As someone with a dysfunctional family member - firstly, your sister is not your responsibility. Secondly, however much you take responsibility / make her your problem / try to sort her out and include her, she will likely not resolve her issues until she is ready to - everything else will just enable her to continue the way she is.

If there are mental health issues here you and your parents may want to steer her in the direction of appropriate support.

Sorry to sound harsh, and aware that I may be projecting from my own experience, but if her life is a pattern of fucking up and then relying on her family to fix her up, most support will just be part of this pattern imo.

shovetheholly Mon 23-May-16 11:32:48

Oh, and I also think that in a just world (and family life is anything but just in many cases) your parents ought to do some soul-searching about why you have to rough it all the time and suffer the usual knocks of life on your own, but why your sister gets protected from all of that.

RiverCambs Mon 23-May-16 11:35:09

Would she talk to a doctor about her emotional turmoil?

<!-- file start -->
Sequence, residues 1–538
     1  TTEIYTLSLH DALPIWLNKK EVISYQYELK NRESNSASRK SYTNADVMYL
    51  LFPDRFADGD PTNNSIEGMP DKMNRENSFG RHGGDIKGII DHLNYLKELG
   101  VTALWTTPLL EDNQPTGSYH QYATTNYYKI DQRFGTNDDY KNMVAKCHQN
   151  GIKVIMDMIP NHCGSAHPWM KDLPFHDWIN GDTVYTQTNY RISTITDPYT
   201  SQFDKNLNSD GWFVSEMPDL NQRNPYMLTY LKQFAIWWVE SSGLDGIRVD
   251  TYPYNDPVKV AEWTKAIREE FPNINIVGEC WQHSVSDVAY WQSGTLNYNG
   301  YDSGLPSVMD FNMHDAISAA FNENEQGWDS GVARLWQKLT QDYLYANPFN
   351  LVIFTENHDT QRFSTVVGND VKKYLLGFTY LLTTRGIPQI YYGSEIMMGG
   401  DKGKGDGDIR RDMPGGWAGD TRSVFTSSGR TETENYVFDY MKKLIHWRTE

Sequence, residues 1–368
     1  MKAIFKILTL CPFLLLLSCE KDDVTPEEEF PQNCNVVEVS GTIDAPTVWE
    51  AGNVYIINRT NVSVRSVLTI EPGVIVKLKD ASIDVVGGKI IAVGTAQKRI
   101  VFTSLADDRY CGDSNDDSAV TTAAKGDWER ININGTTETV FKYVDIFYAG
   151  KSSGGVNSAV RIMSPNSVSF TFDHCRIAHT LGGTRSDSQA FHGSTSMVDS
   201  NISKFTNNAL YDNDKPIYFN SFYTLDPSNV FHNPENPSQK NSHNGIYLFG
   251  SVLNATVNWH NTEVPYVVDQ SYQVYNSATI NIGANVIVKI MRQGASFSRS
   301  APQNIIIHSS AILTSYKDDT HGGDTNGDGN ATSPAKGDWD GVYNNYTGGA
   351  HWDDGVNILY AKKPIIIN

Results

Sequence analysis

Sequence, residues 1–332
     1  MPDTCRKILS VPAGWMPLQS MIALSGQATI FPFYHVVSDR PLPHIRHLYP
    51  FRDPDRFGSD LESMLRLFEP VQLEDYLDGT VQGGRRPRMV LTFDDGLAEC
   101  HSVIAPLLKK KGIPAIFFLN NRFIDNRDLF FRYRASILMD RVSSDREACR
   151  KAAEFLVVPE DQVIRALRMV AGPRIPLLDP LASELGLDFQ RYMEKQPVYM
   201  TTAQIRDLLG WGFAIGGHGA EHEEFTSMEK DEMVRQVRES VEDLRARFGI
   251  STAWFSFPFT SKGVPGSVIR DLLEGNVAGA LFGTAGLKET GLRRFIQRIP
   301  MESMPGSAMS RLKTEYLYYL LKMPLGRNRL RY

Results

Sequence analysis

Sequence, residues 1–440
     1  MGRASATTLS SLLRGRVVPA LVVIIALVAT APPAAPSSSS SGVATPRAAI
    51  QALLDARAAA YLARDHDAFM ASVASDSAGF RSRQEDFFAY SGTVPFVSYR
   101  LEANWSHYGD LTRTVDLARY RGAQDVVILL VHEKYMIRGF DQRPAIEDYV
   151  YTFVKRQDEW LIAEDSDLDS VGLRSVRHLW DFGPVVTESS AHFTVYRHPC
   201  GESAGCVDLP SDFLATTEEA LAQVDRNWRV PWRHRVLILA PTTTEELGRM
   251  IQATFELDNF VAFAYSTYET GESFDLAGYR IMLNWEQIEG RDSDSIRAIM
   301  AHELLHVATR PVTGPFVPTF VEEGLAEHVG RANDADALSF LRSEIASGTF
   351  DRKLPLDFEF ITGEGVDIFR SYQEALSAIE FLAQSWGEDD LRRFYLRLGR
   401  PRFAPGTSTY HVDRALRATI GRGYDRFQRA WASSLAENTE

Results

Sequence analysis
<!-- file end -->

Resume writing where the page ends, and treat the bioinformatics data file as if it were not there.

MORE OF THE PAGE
Yes and no. She says she will but then generally doesn't bother. She's actually going today, so fingers X she follows through with it. I've offered to pay for private counseling for her before but she didn't take me up on it. She has various issues that she needs to address (VV insecure, up and down, clingy and not able to control her anger - all of the reasons her long term BF left her in the end).

BTW - Do you live on your own at the moment? As would be even more inclined to say no if she's lounging about naked on your bed if you have a BF/DP

I live alone but BF stays over 3/4 nights a week. I usually tell her she can't stay on these occasions.

I am painting her out to be a complete monstrosity which isn't the case entirely. She has good points - she's emotionally supportive if I ever feel down and want to chat with her, she would do anything for family etc. She's just a royal pain in the bum at times and has the mentality of a 15 year old.